But a phone is not just a fancy menu and camera, and on a touchscreen obviously the quality of input device is integral — get the screen right and it can be a breeze to use, get it wrong and it will fail miserably.
You’ll be glad to know, unless you work for Nokia, that Sony Ericsson have got it right, and I found that both the full screen and even the half screen keyboard were perfectly easy to use (admittedly I do have small fingers though) and the haptic feedback was more comforting than I imagined, and brought touchscreen typing that step closer to the speed and ‘feeling’ of a physical keyboard.
Not only was the screen great for fingers but the handwriting recognition was surprisingly accurate and although it took a bit of ingenuity to work out what ‘space’ and ‘backspace’ were (as despite the o/s-map sized manual there was no mention of it in there) once you picked it up it was very natural and was far quicker than the standard alphanumeric pad. However I never used it. The reason: the stylus was a) detached and constantly waved around and got in the way of zips and things, and b) it looked exactly like some small lipstick, more so with the fortuitously hard to remove lid – so you didn’t lose it, a smart move.
For fear of ending on a negative note I’ll go through some of the worst bits now — and although they are few in number they are quite surprising. For a start I was amazed that there is not a stopwatch on the phone, and after literally half an hour of trawling through the phone (and even looking on the very limited array of apps available on the PlayNow service the phone uses) I couldn’t find anything which I have to say was a little bit odd.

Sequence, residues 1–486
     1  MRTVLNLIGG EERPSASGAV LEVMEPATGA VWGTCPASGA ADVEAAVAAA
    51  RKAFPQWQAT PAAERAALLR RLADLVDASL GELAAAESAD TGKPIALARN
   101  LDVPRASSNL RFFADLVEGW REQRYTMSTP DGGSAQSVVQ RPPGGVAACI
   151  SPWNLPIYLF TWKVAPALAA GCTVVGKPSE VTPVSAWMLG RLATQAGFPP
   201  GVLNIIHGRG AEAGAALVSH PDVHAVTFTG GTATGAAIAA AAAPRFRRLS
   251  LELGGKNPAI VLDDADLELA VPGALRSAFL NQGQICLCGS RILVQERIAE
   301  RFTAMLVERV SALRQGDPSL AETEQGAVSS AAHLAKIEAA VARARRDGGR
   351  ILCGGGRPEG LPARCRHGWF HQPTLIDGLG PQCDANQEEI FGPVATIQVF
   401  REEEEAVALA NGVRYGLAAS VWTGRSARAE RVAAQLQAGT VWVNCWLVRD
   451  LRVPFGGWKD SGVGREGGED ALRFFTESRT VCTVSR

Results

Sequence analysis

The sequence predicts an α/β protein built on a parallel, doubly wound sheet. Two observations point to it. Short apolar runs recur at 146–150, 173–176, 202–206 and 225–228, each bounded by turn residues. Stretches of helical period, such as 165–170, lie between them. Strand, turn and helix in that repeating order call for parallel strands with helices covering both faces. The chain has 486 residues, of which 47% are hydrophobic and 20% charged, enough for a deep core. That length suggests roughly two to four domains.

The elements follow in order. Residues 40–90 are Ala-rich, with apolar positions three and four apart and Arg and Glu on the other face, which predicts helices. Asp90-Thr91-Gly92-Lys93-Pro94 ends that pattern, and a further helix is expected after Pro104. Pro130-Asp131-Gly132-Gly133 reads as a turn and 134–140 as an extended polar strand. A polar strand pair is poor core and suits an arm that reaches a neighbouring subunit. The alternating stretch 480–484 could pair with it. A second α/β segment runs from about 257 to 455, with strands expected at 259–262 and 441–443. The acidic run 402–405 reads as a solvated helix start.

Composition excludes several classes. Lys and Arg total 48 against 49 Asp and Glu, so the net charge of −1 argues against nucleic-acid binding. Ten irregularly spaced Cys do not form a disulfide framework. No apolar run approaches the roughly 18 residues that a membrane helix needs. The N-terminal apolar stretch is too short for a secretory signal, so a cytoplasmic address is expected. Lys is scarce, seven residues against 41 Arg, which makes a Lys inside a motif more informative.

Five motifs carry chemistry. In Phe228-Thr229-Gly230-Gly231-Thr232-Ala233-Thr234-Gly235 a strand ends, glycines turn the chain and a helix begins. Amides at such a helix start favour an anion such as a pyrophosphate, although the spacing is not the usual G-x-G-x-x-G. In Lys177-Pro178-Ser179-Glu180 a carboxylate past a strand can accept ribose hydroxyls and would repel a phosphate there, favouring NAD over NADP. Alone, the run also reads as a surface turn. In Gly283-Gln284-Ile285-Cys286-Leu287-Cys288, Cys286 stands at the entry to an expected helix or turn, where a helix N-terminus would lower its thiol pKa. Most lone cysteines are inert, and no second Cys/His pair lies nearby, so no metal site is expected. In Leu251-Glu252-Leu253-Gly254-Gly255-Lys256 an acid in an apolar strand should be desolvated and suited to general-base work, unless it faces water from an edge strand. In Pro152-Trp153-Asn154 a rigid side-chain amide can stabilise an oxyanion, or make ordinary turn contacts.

Also whilst the screen looks very nice and is very nice to use it isn’t the most durable, the vast majority of the time the phone was spent on my desk but even with just the one or two days it spent in my pocket it started to show the beginnings of scratches and that was just from the stylus which irritatingly hangs off the bottom.
But really apart from those two relatively minor points, and the fact that the Micro SD card slot is very difficult to open (although how often do you have to do that?) this is a great phone.
Internet Connectivity & GPS
The GPS works brilliantly (apart from, for some bizarre reason, in my living room where it shifts my position 15 miles south) and both the Google Maps and Wisepilot are really useful for Sat Nav and general navigation usage.
All of this and I haven’t even mentioned the Internet which much like the GPS is a joy to use 99% of the time and is quick and easy to use — the zooming and moving around is very intuitive and although there is some unnecessary doubling up of buttons (I worked out about three ways to close the internet by just pressing the screen/buttons once) it is one of the best mobile internet browsers I’ve seen.
But just before I finish I feel obliged to mention the Satio problems that have previously affected the performance and stability of the phone: I personally had to download an update to ensure that the phone I was testing worked alright, and whilst that was far from inconvenient I’d much rather have not had to do it. But you’ll be glad to know that the problem has since been fixed, and any new Satio phones should be 100% OK!
So as you can probably imagine I really liked this phone — it really did well and I’ve got only a couple of minor qualms which are overshadowed by the things that the phone excels at including a load of things I haven’t had space to mention (like the ‘more than sufficient’ battery). Unfortunately it does come with quite a high price tag of about £400, and that is the only reason that I can think people won’t be rushing out to buy it, but if the range of apps can be improved then this really with be up there with the iPhone 3GS and the Nexus One!